WASHINGTON, D.C. (WABC) -- The Smithsonian's National Museum of African American History and Culture will officially open its doors to visitors later this month.
The 13th Secretary of the Smithsonian, Dr. David Skorton, describes the museum that is more than a century in the making as debuting at a time when race and culture differences dominate the national discourse.
Objects for the museum were donated by people eager to share parts of history with the public, and it is the only museum in the Smithsonian Institute constructed without an existing collection.
Founding Director Lonnie Bunch said the goal of the museum is bringing people together.
"This is a story for us all, not just one community," Bunch said. "This museum looks back, helps contextualize where we are and gives a hint at where we can be."
The 19th and newest museum of the Smithsonian will officially open in the nation's capital on September 24.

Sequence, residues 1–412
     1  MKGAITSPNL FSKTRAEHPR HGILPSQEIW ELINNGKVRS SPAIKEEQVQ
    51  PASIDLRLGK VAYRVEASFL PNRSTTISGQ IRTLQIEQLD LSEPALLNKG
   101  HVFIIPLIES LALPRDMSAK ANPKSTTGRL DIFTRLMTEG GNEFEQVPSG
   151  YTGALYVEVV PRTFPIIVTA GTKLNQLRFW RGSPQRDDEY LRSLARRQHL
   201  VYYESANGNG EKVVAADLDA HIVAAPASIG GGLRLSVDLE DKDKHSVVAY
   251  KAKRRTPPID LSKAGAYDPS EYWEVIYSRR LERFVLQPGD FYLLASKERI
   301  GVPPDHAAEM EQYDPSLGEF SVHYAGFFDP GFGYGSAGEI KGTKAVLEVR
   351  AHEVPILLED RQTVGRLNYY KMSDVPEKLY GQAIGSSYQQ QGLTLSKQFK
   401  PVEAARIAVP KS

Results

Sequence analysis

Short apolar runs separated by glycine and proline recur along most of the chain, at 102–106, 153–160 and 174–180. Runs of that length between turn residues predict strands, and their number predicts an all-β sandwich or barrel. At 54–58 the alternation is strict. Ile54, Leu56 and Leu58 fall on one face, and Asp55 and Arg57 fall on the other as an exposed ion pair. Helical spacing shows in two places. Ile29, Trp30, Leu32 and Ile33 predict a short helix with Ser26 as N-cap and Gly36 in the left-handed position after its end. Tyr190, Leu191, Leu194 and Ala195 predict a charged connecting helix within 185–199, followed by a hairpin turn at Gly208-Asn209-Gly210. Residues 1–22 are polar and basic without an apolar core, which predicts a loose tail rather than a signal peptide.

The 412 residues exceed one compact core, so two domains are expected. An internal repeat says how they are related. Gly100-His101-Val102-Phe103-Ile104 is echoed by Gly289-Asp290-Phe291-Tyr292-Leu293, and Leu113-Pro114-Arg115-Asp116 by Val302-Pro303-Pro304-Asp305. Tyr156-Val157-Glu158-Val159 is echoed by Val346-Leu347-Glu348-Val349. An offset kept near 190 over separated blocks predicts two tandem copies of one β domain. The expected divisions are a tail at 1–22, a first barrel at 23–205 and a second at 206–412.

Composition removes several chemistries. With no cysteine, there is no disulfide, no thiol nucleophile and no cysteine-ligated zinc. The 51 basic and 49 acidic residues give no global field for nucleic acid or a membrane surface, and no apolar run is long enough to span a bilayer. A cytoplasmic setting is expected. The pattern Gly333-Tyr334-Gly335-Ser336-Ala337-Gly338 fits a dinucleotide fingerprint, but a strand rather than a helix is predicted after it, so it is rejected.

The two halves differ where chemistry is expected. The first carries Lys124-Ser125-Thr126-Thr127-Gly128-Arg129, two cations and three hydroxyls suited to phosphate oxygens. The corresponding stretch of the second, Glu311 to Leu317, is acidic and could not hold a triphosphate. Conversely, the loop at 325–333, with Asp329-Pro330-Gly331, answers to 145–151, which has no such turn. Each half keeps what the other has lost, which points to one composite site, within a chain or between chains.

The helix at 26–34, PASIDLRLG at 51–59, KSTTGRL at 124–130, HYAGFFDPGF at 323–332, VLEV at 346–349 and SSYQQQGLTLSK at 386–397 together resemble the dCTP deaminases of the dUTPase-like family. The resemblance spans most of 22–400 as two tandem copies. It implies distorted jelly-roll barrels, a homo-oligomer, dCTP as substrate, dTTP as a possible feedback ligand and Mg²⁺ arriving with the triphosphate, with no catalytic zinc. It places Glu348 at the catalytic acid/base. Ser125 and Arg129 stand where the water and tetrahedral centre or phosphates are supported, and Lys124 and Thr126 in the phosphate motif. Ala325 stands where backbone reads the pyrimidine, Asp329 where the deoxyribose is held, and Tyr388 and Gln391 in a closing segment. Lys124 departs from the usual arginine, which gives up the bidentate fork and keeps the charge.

The effort to build the museum began over 100 years ago, in 1915, and included the efforts of presidents and Congress. The 400,000-square-foot museum sits on the National Mall at the corner of Constitution Avenue and 14th Street, across from the Washington Monument. It includes 12 inaugural exhibitions grouped around three main themes: history, community and culture and include an exhibit about the museum's evolution.
The unique style of the museum stands in stark contrast to the other marble and columned buildings along the National Mall. The three-tiered building boasts 70,000 square feet of bronze-colored cast-aluminum outer panels weighing 230 tons. The museum is open 364 days a year, closing only on Christmas Day.
CLICK HERE for much more on the museum, including what's inside and how to visit, from ABC News.